Fun with Inodes
I had an inherited client project running on an EC2 Ubuntu instance like a champ. The system had racked up nearly 900 days of uptime! Not a lot of traffic but still it was running nginx with TLS, a node/express app, and mysql with pretty much 100% uptime for over 2 years.
As I went to do some routine TLS certificate maintenance, the system started throwing "No Space Left On Device" errors. I was confused because the root filesystem still had ample free space according to
df -h. A round of googling eventually clued me in to having exhausted all of the ext4 filesystem inodes, which again I eventually through research understood to be mostly caused by continually accumulating unused debian linux kernel .deb packages through normal automated security patching. We had at least 15 different versions of the kernel available and each requires many files under
/usr/src/linux. I eventually found a solution consisting of:
- Free up some inodes by
rm -rf /usr/src/linux-headers-Xwhere X were older versions no longer needed. You can confirm the version you are running with
- Identifying a longish list of important packages with broken dependencies and reinstalling them with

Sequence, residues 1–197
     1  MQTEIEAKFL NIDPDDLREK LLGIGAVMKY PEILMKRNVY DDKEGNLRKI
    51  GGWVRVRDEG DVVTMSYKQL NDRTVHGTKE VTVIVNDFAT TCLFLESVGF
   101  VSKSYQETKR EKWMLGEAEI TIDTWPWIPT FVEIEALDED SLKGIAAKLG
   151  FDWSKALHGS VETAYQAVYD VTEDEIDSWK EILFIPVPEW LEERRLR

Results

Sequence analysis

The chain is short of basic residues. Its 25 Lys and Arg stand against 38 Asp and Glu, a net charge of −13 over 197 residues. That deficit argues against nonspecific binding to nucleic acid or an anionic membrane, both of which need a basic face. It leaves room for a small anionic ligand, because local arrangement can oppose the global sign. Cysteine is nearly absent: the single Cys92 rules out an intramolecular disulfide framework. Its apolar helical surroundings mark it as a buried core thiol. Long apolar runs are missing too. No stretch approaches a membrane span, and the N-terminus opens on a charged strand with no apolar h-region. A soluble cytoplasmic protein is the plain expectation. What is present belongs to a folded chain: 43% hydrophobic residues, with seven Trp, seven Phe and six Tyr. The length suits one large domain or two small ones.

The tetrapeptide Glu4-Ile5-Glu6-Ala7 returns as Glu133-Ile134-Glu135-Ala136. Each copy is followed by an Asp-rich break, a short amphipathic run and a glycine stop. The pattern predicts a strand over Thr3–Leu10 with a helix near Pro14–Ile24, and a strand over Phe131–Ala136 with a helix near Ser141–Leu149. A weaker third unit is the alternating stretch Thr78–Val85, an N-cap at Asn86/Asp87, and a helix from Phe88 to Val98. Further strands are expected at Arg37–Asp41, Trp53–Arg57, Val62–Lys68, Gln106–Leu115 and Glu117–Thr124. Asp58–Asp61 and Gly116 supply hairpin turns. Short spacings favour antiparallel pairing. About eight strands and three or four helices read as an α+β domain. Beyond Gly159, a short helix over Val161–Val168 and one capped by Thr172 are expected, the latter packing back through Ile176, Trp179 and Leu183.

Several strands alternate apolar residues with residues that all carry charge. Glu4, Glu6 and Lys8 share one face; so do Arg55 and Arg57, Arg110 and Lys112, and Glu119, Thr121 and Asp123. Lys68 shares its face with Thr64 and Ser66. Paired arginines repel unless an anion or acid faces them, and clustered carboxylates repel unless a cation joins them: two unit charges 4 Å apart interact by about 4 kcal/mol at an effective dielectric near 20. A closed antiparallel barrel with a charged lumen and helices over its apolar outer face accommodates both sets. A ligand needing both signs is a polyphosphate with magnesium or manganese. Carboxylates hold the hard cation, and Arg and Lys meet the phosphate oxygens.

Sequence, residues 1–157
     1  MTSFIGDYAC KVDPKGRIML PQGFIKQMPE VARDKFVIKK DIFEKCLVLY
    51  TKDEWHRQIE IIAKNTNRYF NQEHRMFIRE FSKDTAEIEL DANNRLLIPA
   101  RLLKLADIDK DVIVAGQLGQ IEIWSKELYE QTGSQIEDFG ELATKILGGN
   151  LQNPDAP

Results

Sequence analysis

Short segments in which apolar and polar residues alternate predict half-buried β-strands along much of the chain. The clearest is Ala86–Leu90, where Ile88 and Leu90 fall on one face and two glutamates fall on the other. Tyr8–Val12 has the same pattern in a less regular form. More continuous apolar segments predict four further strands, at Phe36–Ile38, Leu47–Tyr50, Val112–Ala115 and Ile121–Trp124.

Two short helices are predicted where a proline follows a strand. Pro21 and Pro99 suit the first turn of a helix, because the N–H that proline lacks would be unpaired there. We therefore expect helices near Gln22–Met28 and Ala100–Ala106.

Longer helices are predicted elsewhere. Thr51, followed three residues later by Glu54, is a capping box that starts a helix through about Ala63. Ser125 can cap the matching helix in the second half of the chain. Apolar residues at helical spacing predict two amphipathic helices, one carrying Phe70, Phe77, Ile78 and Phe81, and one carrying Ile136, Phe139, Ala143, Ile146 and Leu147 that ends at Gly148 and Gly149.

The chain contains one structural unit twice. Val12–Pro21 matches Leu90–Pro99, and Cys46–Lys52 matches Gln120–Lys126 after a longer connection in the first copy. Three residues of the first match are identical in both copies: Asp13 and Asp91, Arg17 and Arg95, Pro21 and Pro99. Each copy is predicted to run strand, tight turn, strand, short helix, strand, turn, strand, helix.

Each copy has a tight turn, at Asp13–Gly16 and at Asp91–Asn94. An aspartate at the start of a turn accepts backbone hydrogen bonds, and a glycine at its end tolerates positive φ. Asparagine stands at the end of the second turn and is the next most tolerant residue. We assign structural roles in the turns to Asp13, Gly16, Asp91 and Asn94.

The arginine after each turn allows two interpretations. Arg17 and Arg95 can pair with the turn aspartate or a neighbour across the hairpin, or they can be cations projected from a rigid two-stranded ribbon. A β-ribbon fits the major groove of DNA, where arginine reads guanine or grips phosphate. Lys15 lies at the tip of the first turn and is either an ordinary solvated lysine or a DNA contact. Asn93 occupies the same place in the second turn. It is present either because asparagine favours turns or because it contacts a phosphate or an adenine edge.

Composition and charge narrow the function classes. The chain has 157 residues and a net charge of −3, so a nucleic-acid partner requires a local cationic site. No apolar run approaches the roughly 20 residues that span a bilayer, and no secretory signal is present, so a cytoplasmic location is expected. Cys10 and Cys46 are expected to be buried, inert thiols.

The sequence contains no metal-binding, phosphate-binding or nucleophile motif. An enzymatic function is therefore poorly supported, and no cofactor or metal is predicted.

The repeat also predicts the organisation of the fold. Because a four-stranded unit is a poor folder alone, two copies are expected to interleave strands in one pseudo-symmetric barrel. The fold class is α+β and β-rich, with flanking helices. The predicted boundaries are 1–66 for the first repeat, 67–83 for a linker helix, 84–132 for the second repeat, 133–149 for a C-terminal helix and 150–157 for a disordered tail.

apt-get removefollowed by
apt-get install. The list ended up being
linux-headers-virtual linux-virtual linux-image-virtual libc6-dev libstdc++6-4.6-dev g++-4.6 g++which is rather frightening to uninstall (not sure the system would be usable if you rebooted between the remove and the reinstall).
- Cleaning up using the commands in this askubuntu answer:
apt-get install -f && apt-get autoremove
I ended up freeing up nearly 400K inodes and over 2.5 GB of disk space during this activity. The
apt-get autoremove for all those linux kernel image packages took a long time (several hours) as there's a bunch of processing associated with each one.
My appreciation for dpkg/apt has always been strong, but here's another anecdote to pile on. Prior to this, I've done many many successful upgrades of debian and ubuntu and even when things start to go a bit sideways, always managed to recover a working system without wiping and reinstalling. Now I know that you can run out of inodes over and over on a server for months at a stretch, foolishly reboot before attempting any repair and still boot and run your production processes fine while you handle the repairs.